6 Hrs 49 Mins 36 Secs

2 Days 7 Hrs 55 Mins

512 Kbps

2 Mins 43.84 Secs

3 Hrs 24 Mins 48 Secs

1 Day 3 Hrs 57 Mins

T1 (1.5 Mbps)

54.33 Secs

1 Hr 7 Mins 54.78 Secs

9 Hrs 16 Mins 20.57 Secs

10 Mbps

8.39 Secs

10 Mins 29.15 Secs

1 Hr 25 Mins 53.96 Secs

100 Mbps

0.84 Secs

1 Min 2.91 Secs

8 Mins 35.4 Secs

1000 Mbps

0.08 Secs

6.29 Secs

51.54 Secs

A manual synchronization is often required for the initial content import into the DML. However, it is recommended to create a synchronization plan to ensure that our DML updates on a regular basis.

Note

You can change the download policy for a Red Hat repository. Select a repository in the Red Hat Enterprise Linux Server product and navigate to the Download Policy field. If using the CLI, enter the hammer repository update command with the --download-policy option.

4.6.1. Recovering a Repository

In the case of repository corruption, you can recover it by using an advanced synchronization, which has three options:

  • Optimized Sync - it synchronizes the repository bypassing RPMs that have no detected differences from the upstream RPMs.
  • Complete Sync - it synchronizes all RPMs regardless of detected changes. Use this option if specific RPMs could not be downloaded to the local repository even though they exist in the upstream repository.
  • Validate Content Sync - it synchronizes all RPMs and then verifies the checksum of all RPMs locally. If the checksum of an RPM differs from the upstream, it re-downloads the RPM. This option is relevant for yum repositories only. Use this option if you have one of the following errors:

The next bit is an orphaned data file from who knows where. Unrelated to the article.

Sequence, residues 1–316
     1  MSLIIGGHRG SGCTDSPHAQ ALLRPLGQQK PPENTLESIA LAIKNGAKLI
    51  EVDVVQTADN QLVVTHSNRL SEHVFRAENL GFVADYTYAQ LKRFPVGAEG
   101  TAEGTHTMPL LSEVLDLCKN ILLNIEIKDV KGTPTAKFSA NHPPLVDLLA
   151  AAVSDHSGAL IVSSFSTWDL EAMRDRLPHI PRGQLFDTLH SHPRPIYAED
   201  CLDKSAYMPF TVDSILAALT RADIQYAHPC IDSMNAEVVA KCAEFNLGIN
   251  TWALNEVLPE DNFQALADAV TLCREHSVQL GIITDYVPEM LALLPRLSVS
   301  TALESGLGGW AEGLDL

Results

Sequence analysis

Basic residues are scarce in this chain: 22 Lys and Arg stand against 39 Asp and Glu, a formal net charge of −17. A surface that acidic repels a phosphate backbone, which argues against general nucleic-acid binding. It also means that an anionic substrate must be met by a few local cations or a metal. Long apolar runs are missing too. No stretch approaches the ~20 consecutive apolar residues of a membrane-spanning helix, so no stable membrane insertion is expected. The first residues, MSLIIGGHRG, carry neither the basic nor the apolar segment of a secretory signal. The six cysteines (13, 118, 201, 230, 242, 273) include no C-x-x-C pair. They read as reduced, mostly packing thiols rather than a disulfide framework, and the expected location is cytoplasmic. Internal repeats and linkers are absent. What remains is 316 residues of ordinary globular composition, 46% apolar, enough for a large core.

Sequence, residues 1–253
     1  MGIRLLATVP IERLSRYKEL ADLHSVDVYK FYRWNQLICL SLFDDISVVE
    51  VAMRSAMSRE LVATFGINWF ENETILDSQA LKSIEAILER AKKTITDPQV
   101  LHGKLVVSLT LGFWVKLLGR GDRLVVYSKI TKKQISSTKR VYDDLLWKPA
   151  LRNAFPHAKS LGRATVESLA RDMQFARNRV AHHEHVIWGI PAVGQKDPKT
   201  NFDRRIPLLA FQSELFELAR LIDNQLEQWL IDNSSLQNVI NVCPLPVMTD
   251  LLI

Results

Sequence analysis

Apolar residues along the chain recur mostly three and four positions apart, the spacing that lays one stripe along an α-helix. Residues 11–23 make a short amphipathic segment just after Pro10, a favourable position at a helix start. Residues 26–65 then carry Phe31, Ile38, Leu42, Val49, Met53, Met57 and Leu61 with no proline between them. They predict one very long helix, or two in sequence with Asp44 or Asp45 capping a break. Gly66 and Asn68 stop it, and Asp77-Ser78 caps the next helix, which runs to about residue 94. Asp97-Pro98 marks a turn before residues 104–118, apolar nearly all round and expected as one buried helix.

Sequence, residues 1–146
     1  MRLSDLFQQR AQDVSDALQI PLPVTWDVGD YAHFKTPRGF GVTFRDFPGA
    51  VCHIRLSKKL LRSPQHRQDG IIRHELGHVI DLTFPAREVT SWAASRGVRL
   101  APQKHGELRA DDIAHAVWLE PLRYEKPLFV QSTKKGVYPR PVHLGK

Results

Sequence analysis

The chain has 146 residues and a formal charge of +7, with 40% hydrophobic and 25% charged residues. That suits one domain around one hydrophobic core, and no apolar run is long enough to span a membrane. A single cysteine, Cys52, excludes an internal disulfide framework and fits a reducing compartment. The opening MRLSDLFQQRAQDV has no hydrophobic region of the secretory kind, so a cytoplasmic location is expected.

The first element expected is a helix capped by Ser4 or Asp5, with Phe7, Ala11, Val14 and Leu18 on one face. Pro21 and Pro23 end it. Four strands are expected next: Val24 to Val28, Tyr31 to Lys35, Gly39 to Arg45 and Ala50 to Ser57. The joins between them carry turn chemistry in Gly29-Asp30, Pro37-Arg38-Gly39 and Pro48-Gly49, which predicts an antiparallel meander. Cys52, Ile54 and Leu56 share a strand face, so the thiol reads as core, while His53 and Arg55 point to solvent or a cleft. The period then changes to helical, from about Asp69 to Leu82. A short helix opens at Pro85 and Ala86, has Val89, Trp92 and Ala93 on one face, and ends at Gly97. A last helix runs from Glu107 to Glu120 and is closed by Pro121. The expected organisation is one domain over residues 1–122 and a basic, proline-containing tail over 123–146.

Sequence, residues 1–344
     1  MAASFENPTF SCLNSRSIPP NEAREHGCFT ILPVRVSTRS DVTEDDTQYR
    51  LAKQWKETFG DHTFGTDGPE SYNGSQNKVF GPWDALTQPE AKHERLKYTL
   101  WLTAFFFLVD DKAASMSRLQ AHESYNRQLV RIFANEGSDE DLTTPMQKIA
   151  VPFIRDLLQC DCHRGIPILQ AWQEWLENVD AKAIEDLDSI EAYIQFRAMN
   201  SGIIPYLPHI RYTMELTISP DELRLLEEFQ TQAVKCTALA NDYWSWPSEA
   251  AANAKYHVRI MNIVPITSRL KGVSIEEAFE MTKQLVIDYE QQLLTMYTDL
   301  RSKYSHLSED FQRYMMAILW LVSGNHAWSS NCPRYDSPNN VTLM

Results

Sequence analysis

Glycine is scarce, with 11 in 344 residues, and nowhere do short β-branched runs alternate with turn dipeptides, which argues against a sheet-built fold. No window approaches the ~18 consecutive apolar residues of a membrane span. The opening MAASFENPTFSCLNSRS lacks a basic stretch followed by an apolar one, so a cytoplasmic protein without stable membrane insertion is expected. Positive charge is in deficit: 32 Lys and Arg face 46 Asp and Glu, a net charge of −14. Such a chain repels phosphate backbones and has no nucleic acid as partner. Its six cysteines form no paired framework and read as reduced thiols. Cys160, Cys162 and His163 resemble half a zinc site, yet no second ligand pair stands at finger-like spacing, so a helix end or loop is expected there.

• Specific RPMs cause a 404 error while synchronizing with yum.
    • Package does not match intended download error, which means that specific RPMs are corrupted.

To synchronize a specific repository with an advanced option:

For Web UI users

  1. Navigate to Content > Products.
  2. Select the product containing the corrupted repository.
  3. Click on the name of a repository you want to synchronize.
  4. Extend the Select Action menu and select Advanced Sync.
  5. Select the option and click Sync.

For CLI users

  1. Obtain a list of repository IDs:

    # hammer repository list --organization "Default Organization"
  2. Synchronize a corrupted repository using the necessary option:

    • For the optimized synchronization:

      # hammer repository synchronize --incremental true --id 1
    • For the complete synchronization:

      # hammer repository synchronize --skip-metadata-check true --id 1
    • For the validate content synchronization:

      # hammer repository synchronize --validate-contents true --id 1

4.6.2. Limiting Synchronization Speed

You can control the speed of synchronization to avoid exhaustion of available bandwidth and prevent other performance issues. This is done by configuring PULP_CONCURRENCY and max_speed parameters. Note that these settings are overwritten on an upgrade. It is recommended to backup changed files prior to an upgrade to be able to restore the configuration.

  1. To control the number of synchronization jobs that run in parallel, configure the PULP_CONCURRENCY parameter in the /etc/default/pulp_workers file. For example, to set the number of jobs that run in parallel to 1, change PULP_CONCURRENCY to 1: